ICT Clinic (Sunday Punch)

Solving national problems through technology [ICT Clinic]

There are over 101 national issues to reflect upon as Nigeria begins its 59th journey as an independent nation. Apart from the ‘hilarious’ display by politicians across various states, technology development and other salient issues, such as education, job creation and national integration are some of the issues that have been relegated to the background.
I belong to the school of thought that says the developmental destiny of any nation depends largely on its political leadership, but technological innovations may be the driver for a slow but organic development. Any technological innovation that would become a national legacy in Nigeria must be partly or majorly owned and developed locally.
A case in point here, is what SystemSpecs, a Nigerian-owned company is doing with Remita, an electronic payment platform, wholly developed in the country for local and international payment solutions. It is the robust software solutions that is powering Nigeria’s Treasury Single Account policy. The TSA is an IMF-recommended initiative, where all government’s funds are collected and managed, from a single banking account maintained at the Central Bank of Nigeria. Remita’s TSA’s success, has, for instance, enabled the government to reduce borrowing costs, extended credit facilities, improved fiscal policies and enhanced financial accountability among various institutions and MDAs.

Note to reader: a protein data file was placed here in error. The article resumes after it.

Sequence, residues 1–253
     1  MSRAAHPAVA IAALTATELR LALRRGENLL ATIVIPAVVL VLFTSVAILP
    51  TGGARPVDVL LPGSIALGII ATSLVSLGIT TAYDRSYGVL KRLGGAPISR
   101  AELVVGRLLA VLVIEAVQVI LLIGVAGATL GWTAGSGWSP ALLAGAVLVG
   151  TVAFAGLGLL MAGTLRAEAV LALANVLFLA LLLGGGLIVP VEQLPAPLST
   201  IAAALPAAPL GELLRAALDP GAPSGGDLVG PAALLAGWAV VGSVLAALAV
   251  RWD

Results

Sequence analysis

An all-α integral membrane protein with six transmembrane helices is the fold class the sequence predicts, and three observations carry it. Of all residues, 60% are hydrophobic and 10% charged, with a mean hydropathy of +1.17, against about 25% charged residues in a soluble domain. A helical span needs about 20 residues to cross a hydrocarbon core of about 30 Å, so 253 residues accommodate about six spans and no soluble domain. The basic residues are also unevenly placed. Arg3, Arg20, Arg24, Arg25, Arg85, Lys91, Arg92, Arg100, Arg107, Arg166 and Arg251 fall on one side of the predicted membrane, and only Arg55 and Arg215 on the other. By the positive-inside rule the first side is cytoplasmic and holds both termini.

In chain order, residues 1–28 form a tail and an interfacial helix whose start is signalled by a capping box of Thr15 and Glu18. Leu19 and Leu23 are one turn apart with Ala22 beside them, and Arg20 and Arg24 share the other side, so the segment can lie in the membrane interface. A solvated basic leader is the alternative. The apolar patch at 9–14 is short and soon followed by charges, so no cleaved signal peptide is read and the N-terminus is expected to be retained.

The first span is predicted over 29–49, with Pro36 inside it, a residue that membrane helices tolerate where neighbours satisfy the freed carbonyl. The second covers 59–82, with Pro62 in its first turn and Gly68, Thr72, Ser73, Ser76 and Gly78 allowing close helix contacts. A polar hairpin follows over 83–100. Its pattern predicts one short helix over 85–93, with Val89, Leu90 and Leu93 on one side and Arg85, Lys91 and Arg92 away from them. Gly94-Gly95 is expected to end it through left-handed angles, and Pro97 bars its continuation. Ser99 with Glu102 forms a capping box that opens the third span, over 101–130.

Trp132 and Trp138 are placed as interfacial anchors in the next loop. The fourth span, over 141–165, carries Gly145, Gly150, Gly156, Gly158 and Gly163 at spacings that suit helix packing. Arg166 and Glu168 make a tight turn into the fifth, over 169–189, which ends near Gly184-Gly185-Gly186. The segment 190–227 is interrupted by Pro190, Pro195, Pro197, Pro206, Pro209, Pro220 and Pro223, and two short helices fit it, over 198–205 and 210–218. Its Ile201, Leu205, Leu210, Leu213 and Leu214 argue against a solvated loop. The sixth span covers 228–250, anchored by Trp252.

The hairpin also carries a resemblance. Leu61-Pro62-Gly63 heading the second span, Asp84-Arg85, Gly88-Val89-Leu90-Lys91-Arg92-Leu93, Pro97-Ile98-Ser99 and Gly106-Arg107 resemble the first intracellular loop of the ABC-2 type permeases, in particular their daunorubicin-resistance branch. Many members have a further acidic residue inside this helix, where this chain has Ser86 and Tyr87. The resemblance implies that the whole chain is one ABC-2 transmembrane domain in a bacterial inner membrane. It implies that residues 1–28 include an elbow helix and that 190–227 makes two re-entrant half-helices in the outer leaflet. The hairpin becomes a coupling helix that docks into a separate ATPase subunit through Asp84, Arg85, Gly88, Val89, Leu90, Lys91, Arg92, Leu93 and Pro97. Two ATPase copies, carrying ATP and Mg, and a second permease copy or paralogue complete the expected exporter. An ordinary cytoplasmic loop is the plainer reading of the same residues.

Who would have thought that a Nigerian company could have handled such a complex setup that connects to the CBN, all the banks, thousands of organisations and many other APIs? Think about it for a moment, before the TSA was fully implemented, the government had over 20,000 accounts but today, through a click of a button, designated government officials can tell the financial situation of the country. That is the power of software!
My humble opinion is that one of the key ways Nigeria can gain respect in the international community, is through the development of innovative solutions that can solve some of our major national problems such as education, healthcare, power and many more. Sadly, Nigeria currently ranks 118th, out of the 126 most innovative countries in the world, with a score of 22.40, while Switzerland ranks number one with a score of 68.40 according to the Global Innovation Index.
This simply means, our country is not even in the first 100 countries with life-transforming innovations in the areas of research and development, productivity and variability of tech products, high-tech institutions/companies in computer and mobile device infrastructure, Internet, energy and chemical, military defence, hardware and software, educational institutions, advanced technology, market and business solutions, and even food security, among others.
Most advanced countries in the world are known for specific innovations that — Finish Reading on the Punch

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